Students at SNU called for protests, burned effigies of 'imperialist and nationalist traitors,' and held a protest against the upcoming Korea-Japanese conference on Jongno on March 24, 1964.
On March 28, another protest against the conference was held at City Hall (or more likely, in front of the National Assembly, just out of the frame on the left.
On May 20, a 'funeral for nationalistic democracy' was held at the College of Liberal Arts and Sciences at SNU.
The apex of the protests came on June 3 when 15,000 protesters gathered at Gwanghwamun to call for the resignation of the government (and Park Chung-hee). The photo below would have been taken from the old Government General building. What is now the U.S. Embassy (then the USAID building) is visible in the background).
At 8:00 pm on June 3, Park Chung-hee's government declared martial law, banning gatherings and protests, closing all the schools in Seoul, and censoring all broadcasting and publications. The front page of the Donga Ilbo can be seen here, with clearly whited out and censored pages here.
The photo above was obviously taken between City Hall and Deoksugung. In the background the Bando Hotel (left) and (I think?) the original Chosun Hotel can be seen. I'd thought that troops were used against protesters only in 1979 (in Busan and Masan) and Kwangju in 1980, but I was clearly wrong.
The head of Korea University's student council, Lee Myung-bak (below, center), was among those arrested and given a prison term (he served three months).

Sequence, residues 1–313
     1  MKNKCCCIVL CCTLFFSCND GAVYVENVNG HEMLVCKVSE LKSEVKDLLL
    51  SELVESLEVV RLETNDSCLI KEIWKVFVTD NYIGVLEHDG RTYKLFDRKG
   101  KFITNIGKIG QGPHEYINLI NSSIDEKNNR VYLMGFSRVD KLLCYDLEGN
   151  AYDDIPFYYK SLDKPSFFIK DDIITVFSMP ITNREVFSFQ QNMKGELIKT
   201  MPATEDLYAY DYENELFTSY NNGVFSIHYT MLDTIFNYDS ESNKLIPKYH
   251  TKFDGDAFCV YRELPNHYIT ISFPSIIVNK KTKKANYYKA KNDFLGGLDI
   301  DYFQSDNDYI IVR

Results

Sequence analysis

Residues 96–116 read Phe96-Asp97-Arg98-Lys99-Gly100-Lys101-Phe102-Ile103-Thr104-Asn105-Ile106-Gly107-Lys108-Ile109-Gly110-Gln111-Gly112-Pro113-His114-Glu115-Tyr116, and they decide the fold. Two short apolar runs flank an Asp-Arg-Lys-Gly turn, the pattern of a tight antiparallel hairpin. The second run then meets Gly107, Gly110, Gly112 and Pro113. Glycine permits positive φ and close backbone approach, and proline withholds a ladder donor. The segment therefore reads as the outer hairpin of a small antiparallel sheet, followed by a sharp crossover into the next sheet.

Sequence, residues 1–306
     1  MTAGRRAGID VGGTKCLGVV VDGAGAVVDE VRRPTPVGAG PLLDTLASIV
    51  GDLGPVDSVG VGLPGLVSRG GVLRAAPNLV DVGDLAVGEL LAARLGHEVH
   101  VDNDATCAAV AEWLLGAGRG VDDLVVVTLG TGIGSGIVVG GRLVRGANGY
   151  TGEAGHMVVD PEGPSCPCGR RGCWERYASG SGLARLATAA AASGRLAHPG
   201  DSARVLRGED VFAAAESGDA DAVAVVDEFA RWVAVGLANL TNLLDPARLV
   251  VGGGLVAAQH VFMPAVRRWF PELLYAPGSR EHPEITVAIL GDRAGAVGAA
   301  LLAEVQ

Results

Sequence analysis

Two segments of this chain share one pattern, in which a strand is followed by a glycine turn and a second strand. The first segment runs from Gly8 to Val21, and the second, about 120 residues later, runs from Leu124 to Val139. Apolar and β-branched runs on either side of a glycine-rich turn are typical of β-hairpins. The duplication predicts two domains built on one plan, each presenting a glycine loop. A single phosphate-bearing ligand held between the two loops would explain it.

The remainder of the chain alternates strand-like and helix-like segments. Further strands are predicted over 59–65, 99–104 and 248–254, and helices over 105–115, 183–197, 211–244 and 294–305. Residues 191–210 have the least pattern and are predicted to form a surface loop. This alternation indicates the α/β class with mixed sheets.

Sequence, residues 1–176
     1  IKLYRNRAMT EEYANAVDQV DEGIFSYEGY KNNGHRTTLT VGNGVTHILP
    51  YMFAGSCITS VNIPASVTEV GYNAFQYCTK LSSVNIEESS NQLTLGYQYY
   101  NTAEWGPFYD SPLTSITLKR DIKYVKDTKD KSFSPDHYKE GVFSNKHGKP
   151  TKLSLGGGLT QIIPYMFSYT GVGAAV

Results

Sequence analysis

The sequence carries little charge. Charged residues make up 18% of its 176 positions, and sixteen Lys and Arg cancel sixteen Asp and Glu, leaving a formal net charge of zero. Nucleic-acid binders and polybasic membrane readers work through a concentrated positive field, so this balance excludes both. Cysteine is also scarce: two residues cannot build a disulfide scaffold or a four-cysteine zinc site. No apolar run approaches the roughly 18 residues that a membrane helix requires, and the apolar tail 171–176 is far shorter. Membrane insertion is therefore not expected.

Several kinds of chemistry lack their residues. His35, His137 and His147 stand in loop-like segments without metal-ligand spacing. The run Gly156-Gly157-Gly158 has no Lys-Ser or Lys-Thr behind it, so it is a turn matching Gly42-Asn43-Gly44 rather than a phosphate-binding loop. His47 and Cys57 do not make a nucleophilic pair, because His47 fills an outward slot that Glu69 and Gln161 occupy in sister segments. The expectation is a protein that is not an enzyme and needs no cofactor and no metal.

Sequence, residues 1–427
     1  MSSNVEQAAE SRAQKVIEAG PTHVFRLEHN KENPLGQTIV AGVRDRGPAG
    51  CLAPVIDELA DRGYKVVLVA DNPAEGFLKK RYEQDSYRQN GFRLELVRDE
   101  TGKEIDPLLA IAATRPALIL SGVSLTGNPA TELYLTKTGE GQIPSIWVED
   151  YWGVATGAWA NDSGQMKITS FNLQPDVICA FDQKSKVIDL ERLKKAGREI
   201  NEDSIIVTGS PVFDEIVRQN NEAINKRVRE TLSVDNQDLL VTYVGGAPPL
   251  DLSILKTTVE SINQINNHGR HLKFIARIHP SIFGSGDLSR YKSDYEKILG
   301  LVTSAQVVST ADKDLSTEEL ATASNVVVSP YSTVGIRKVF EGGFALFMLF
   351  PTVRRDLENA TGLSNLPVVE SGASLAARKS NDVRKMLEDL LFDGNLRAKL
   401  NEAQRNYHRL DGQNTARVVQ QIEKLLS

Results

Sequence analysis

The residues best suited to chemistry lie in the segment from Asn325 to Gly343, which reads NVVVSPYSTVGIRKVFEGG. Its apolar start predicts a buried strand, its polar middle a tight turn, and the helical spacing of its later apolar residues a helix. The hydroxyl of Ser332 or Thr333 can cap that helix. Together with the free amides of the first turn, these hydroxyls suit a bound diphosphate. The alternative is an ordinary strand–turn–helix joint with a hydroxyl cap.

I learned about this protest by reading this article written by James Wade:
His reference to Japan – in 1964 – as "the ancient enemy whose colonial exploitation of Korea is well remembered and reiterated by chauvinistic professors and politicians" is certainly interesting, as are his comments on anti-Americanism. It's long been held that anti-Americanism began with the Kwangju Uprising, and while that's true as far as it spreading from campuses to the public commenter USinKorea has argued before that it was already present before 1980. Comments by Wade such as the following certainly support this idea: "[C]lumsy American intervention in Korea’s internal affairs is widely resented [. T]he narrowly nationalistic attitude of the students may turn on any fancied scapegoat at a moment’s notice. Anti-Americanism is latent in the current economic crisis and prospect of further aid cuts."
While the truly violent anti-American protests were in the 1980s, two widespread bouts of it in early and late 2002 helped reshape protest culture and nationalism in Korea, which were then harnessed in 2008 to try to throw the former jailed student leader of "narrowly nationalistic" students out of the Blue House. Funny how history plays out.